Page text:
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Shostakovich is made to fit in

The Kirov plays his sober works strongly as part of the gala at the new Segerstrom.

October 12, 2006|Mark Swed | Times Staff Writer

THE fifth, six and seventh of Dimitri Shostakovich's 15 symphonies are among the most exalted and surprisingly lasting epics of the Soviet ideal, in addition to being depictions of the Soviet reality -- which under Stalin often deviated far from the ideal. In a serious and high-minded way, they were created to serve the proletariat, or at least the sophisticated, musically minded high end of the proletariat.

But in one of the great reversals of fortune, today's most renowned Russian exponents of Shostakovich, Valery Gergiev and his Kirov Orchestra, placed these symphonies into the cheerful festivities Sunday and Tuesday nights surrounding the opening of the new Renee and Henry Segerstrom Concert Hall at the Orange County Performing Arts Center.

There was much to celebrate. The concert hall -- opened almost four weeks ago but not yet complete acoustically or physically (no working drinking fountains on Tuesday) -- excellently accommodated rafter-raising symphonic music. At 100, the long-suffering Shostakovich -- whose birthday was last month -- has reached the pinnacle of international acceptance 31 years after his death. And the Soviet Union is dead.

This privately funded hall is built on the capitalist model. The bridge between OCPAC and the South Coast Plaza shopping paradise is physical, symbolic and probably spiritual. Henry Segerstrom takes credit for both the plaza and center, for using commerce to serve art and expecting art to attract customers for commerce.

As part of the Center's Mariinsky Theatre Festival of opera, concerts and ballet imported from St. Petersburg, Russia, Gergiev has squeezed Shostakovich into a busy week that also has him conducting full productions of Wagner's "Ring" cycle and four performances of Mussorgsky's "Boris Godunov" in the center's larger, original Segerstrom Hall. Tonight, he'll add even more Shostakovich with two late symphonies (Nos. 12 and 14) along with the First Piano Concerto.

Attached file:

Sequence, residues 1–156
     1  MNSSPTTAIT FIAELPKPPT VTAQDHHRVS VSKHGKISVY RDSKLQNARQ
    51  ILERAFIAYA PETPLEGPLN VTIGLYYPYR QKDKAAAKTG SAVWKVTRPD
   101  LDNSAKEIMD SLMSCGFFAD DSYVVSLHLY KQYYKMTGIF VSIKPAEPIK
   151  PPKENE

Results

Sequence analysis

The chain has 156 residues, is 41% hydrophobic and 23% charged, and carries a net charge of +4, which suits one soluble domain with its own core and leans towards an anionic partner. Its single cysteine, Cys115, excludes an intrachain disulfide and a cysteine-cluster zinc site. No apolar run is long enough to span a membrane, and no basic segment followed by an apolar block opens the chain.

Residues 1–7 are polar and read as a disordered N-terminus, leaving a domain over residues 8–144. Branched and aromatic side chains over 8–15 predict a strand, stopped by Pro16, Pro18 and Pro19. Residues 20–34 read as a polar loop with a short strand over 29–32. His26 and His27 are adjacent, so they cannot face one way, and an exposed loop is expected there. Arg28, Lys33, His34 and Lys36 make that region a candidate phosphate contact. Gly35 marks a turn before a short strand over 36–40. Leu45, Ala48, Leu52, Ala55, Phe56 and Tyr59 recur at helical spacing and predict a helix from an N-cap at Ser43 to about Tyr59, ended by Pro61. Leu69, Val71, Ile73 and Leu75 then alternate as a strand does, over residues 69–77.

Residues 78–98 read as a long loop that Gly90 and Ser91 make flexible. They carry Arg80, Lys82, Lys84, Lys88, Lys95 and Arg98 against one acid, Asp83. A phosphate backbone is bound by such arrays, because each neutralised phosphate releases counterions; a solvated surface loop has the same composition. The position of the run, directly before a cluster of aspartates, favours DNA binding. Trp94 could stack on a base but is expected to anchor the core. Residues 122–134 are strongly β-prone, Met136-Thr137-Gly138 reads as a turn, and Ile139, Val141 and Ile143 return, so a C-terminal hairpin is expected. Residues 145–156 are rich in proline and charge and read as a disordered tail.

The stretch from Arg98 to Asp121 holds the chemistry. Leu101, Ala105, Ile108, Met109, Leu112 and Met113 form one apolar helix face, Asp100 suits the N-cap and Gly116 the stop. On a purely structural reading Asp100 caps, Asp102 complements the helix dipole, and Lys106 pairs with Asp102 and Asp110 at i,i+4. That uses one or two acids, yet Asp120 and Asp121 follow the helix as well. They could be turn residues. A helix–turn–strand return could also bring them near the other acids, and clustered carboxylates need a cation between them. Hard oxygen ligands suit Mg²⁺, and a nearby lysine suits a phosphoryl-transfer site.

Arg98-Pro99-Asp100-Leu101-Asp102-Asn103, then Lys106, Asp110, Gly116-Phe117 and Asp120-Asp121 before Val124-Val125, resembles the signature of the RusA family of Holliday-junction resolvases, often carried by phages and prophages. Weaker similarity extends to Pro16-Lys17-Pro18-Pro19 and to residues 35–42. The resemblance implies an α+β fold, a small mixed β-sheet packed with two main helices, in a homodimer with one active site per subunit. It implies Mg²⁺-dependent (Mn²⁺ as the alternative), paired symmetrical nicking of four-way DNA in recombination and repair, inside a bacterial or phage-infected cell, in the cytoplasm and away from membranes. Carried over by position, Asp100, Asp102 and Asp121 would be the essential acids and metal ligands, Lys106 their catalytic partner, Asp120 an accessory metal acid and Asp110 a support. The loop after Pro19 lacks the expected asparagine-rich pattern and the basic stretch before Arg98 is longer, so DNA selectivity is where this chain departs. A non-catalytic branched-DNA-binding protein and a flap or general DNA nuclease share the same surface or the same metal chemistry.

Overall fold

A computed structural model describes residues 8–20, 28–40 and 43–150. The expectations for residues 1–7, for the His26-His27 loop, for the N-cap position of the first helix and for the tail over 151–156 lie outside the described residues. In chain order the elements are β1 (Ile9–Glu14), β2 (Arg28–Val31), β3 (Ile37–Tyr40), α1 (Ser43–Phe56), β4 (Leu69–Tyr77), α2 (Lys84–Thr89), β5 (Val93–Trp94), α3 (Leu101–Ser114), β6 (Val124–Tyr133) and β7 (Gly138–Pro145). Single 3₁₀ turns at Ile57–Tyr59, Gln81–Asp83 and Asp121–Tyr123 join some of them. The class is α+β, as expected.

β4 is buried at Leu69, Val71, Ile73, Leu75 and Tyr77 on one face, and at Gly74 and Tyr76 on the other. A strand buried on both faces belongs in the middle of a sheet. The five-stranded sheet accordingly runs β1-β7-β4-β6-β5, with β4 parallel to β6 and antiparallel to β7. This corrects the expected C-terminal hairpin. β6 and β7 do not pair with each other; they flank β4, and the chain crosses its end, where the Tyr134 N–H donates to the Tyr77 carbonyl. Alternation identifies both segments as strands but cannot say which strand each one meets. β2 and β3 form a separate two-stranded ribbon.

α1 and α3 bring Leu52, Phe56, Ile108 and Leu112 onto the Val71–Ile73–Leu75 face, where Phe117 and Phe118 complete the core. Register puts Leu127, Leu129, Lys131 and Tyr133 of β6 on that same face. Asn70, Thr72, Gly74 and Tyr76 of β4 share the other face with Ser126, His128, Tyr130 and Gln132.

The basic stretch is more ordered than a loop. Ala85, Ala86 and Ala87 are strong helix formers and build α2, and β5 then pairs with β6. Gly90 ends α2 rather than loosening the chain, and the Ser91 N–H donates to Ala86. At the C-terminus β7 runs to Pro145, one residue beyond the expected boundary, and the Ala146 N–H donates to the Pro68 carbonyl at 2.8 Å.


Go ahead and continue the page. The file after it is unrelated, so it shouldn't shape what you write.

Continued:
Russia is a changed country since the fall of communism but not yet comfortable with capitalism. Workers, free now to profit, are not always protected. Western musicians accustomed to the safety net of union regulations might well accuse Gergiev of exploiting his crew in their marathon of eight days and nights of opera and concerts. And like most consumers in the West, we don't necessarily like to think about exactly what kind of labor goes into imported products.

Still, this marvelous collective of dedicated, mostly young, fabulously talented musicians is at least there to be seen. And no one in all of music appears to work harder than the tireless Gergiev.

But what does it all mean?

The symphonies were presented backward, beginning with the Seventh on Sunday evening played by the combined Pacific Symphony and Kirov Orchestra, 110 musicians strong. The concert was one in a series of galas. Audiences were formally attired and served free Champagne. Many paid dearly for their tickets and the dinner afterward. Most had come for their first look at and listen to the new auditorium. The mood was festive.

How does one, then, enter into the Seventh, written in 1941 during the siege of Leningrad? Its premiere was a notable occasion. Audiences risked their safety to attend. They shivered. Their stomachs growled. They were fearful and profoundly sad. They were also profoundly grateful to Shostakovich. He served an orchestral cruet of hope for a suffering city.

The symphony, nearly 80 minutes long, sounds cheap to some. But the Nazi bolero in the first movement, the emotion-laden movement that goes on forever and the patriotic finale might resonate in a war-torn world.

The Seventh was preceded Sunday by the Pacific Symphony giving a crisp account of Stravinsky's wartime Symphony in Three Movements, forcefully conducted by Carl St.Clair and featuring World War II footage projected onto the organ pipes.

The Tuesday program of the Sixth Symphony followed by the Fifth was a Philharmonic Society presentation of the Kirov Orchestra by itself. Both begin with soul-wrenching first movements and end with stand-up-and-cheer finales. The Fifth, Shostakovich's most famous score, saved his skin by winning Stalin's approval.

Gergiev did not conduct politically charged performances. A normally dramatic conductor, he appeared unusually restrained, whether from overwork, over-exposure to the scores (he's been busily touring them) or simply caution, there was no way to know. Last summer he conducted a more engagingly theatrical performance of the Seventh in Stockholm as part the Baltic Sea Festival. The trick of using two orchestras (something he likes to do with this symphony) gets impressively loud sound effects but is ultimately confining.

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